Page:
This week, peek in as I answer a Reader’s Question.  Interested in having me answer yours? Post it in the comments section.

frustrated-earner“What advice can you give someone that wants to work but can’t for health issues. We are unable to make ends meet and save money because one income is not enough to pay rent, bills, groceries and other things – HELP”  From A Frustrated Earner

Dear Frustrated Earner –

Thanks for the great question.  Yours is a challenging situation.  When health issues stand in the way of a regular income, it can be very frustrating. I will answer for you, and for other readers in a similar situation.

You likely don’t have access to disability insurance through a previous employer or you would be using it, but for others who are working and facing health issues and this may be an option. Check with the Human Resources Department of your company if you cannot continue to work for health reasons.  If you have a permanent disability leaving you unable to work, there may be assistance available to you through the Canada Pension Plan (CPP) Disability Benefit.

Get Creative about Earning an Income

Although you may be unable to earn a traditional income because you can’t do a full day of work, or you have physical limitations, you may still be able to do some work that can bring in income.  Get creative.  Allow yourself to be really open about what you can do. Perhaps think back to what people did many years ago to bring in money. You could bring in washing, ironing or mending.  Consider teaching piano or singing lessons. Offer child care services, particularly for older children. You could write letters, repair household items or rent a room in your home.  Consider what talents and interests you have and what you can handle.  There are likely many things you can do to bring in some money to help your household.

Get Creative about Spending Your Income

Now that you have a bit more money coming in, get really creative about how you spend your money. There are many things you can do that reduce costs without dramatically reducing your lifestyle. Get creative here. Food is a big expenses in our lives.  Buying whole food and preparing it yourself is much less expensive and much better for you. There is little or no tax on whole food and items like dry beans and rice are incredibly inexpensive and make for a full protein.  Consider services you pay for and where you can reduce costs, trade or skip altogether.  Switch off babysitting with another family.  Pay the neighbour’s kid to shovel the driveway instead of the snowplow service. Exchange your $75/mth cable TV for$8/mth Netflix.  Borrow books from the library and host a potluck instead of going out. Quit smoking.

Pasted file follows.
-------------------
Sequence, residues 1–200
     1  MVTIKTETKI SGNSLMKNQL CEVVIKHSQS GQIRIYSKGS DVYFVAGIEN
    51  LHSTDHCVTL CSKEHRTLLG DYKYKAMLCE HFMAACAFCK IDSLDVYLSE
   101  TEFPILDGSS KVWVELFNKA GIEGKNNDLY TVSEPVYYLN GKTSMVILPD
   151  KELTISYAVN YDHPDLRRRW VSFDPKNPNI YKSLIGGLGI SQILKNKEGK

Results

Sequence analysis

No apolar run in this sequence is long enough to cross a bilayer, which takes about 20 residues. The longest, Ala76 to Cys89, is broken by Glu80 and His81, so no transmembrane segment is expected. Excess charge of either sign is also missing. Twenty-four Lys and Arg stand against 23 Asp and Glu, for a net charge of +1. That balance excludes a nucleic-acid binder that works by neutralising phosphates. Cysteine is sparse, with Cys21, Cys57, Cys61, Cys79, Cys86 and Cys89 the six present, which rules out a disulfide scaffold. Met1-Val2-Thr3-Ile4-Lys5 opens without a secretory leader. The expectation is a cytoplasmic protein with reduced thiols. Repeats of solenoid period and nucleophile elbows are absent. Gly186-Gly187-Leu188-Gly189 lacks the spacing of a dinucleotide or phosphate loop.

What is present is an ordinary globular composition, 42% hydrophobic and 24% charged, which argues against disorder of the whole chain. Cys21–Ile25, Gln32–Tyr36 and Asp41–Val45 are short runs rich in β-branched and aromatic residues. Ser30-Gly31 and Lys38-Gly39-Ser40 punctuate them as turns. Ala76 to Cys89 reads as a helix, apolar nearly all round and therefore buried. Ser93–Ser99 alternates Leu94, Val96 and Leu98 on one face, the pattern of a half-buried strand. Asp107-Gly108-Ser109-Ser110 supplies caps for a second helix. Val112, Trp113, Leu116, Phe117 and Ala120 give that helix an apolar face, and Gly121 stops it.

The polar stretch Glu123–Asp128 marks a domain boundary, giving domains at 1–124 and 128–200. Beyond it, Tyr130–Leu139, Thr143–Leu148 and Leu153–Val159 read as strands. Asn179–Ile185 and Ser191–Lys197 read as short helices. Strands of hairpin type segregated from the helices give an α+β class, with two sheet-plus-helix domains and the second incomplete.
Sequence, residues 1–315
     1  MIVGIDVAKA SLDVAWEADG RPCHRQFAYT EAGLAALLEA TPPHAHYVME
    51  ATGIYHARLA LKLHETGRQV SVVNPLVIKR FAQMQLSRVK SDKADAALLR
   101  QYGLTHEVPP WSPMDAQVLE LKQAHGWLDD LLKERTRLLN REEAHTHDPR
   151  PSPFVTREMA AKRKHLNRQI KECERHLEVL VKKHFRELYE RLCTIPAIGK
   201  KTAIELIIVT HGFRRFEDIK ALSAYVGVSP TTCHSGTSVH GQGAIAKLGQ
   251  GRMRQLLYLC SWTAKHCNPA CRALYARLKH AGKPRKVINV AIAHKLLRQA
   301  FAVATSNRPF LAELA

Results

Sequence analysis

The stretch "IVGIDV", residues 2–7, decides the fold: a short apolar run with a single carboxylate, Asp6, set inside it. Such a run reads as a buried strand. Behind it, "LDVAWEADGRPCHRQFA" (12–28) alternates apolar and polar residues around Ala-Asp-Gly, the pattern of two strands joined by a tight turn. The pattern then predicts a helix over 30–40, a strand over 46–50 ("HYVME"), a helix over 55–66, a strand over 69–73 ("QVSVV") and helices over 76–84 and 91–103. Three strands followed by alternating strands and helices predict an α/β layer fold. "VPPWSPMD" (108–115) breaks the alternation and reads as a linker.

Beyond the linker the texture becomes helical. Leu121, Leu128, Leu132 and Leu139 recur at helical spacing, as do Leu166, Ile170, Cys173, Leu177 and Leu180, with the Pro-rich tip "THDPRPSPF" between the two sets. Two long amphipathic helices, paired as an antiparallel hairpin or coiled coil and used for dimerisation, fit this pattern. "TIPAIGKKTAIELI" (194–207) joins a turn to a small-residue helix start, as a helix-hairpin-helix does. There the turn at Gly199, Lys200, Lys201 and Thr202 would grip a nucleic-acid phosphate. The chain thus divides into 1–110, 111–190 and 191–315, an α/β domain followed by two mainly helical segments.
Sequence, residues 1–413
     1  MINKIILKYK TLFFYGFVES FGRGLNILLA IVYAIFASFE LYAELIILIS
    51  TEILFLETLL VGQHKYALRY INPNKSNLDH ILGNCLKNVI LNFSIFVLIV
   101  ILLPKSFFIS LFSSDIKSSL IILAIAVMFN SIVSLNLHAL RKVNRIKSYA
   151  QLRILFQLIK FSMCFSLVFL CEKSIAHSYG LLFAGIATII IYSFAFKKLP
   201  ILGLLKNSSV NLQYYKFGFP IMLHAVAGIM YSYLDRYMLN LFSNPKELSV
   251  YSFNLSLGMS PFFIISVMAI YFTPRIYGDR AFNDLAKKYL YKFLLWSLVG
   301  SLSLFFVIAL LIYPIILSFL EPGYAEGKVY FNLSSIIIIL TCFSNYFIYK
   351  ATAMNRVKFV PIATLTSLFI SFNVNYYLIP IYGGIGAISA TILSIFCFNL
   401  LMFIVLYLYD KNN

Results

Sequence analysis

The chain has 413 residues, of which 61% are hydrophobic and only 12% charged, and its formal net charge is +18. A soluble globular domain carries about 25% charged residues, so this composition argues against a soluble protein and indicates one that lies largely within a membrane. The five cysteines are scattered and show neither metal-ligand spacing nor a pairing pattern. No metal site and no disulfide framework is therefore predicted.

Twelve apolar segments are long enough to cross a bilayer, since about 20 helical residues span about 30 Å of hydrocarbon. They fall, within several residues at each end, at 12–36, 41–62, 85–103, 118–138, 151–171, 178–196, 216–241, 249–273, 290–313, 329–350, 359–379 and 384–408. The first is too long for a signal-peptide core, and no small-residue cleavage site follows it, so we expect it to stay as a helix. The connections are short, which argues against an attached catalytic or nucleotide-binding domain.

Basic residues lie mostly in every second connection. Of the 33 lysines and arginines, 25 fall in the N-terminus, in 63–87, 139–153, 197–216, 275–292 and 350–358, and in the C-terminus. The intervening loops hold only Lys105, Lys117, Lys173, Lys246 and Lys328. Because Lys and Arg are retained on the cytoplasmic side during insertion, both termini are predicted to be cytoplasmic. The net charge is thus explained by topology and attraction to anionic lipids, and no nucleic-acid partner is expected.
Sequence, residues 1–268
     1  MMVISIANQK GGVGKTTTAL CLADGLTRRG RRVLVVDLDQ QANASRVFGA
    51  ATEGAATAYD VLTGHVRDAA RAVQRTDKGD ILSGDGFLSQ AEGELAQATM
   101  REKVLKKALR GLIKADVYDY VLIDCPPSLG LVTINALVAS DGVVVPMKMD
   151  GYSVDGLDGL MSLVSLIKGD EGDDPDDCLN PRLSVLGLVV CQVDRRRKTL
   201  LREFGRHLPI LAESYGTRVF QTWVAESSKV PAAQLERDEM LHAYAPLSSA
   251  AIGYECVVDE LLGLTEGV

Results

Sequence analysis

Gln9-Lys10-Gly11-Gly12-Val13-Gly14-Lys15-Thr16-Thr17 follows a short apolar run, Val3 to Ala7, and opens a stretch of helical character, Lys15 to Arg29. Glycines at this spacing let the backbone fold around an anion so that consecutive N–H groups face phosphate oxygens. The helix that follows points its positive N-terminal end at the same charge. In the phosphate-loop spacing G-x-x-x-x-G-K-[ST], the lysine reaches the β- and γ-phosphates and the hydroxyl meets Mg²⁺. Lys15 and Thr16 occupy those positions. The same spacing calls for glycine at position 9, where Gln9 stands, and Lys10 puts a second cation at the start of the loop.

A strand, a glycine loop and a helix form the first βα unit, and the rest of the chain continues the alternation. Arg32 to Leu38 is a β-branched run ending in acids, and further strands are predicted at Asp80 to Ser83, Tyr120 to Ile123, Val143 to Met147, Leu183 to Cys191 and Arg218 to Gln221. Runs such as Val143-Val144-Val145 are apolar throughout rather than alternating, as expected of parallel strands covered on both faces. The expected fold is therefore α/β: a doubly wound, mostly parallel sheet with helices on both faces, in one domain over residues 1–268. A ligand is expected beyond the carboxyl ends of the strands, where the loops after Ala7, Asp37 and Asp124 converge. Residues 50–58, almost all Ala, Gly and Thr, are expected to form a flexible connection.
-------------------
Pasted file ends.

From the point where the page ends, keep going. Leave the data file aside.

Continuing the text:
Live in Gratitude

Even when things are tough, there are always things to be grateful for.  Spend time every day focusing on the things you have in your life. Not just the stuff, but the health you do have, your family, friends, opportunities, experiences and intelligence.

“There are two ways to get enough. One is to continue to
accumulate more and more. The other is to desire less.”
~ G. K. Chesterton

Making ends meet always comes down to matching the money going out to the money coming in.  If there is more outflow than inflow, you have two options.  Make more or spend less.  Most people will do both. Be open, resourceful and creative.

Thanks for the question, Frustrated Earner.  Readers – what other ideas do you have?  Share your suggestions in the comments section below.

Want to use this article in your ezine or web site? You can, as long as you include this complete citation with it.

Personal finance expert, Karen Collacutt is founder and CEO of Make Friends with Your Money.  Karen works with ambitious people who are making good money but are wondering where it all went at the end of the month. She helps her clients to get clear on their money life challenges and opportunities, matching their money to their goals.  They build a plan, confidence and peace of mind around their money. Certified Money Coach and Certified Financial Planner, Karen brings over 15 years of finance and business experience to her clients. Coach, speaker, author and change catalyst for those ready to create a positive and empowered money life, Karen delivers a fresh perspective on how to make friends with your money.

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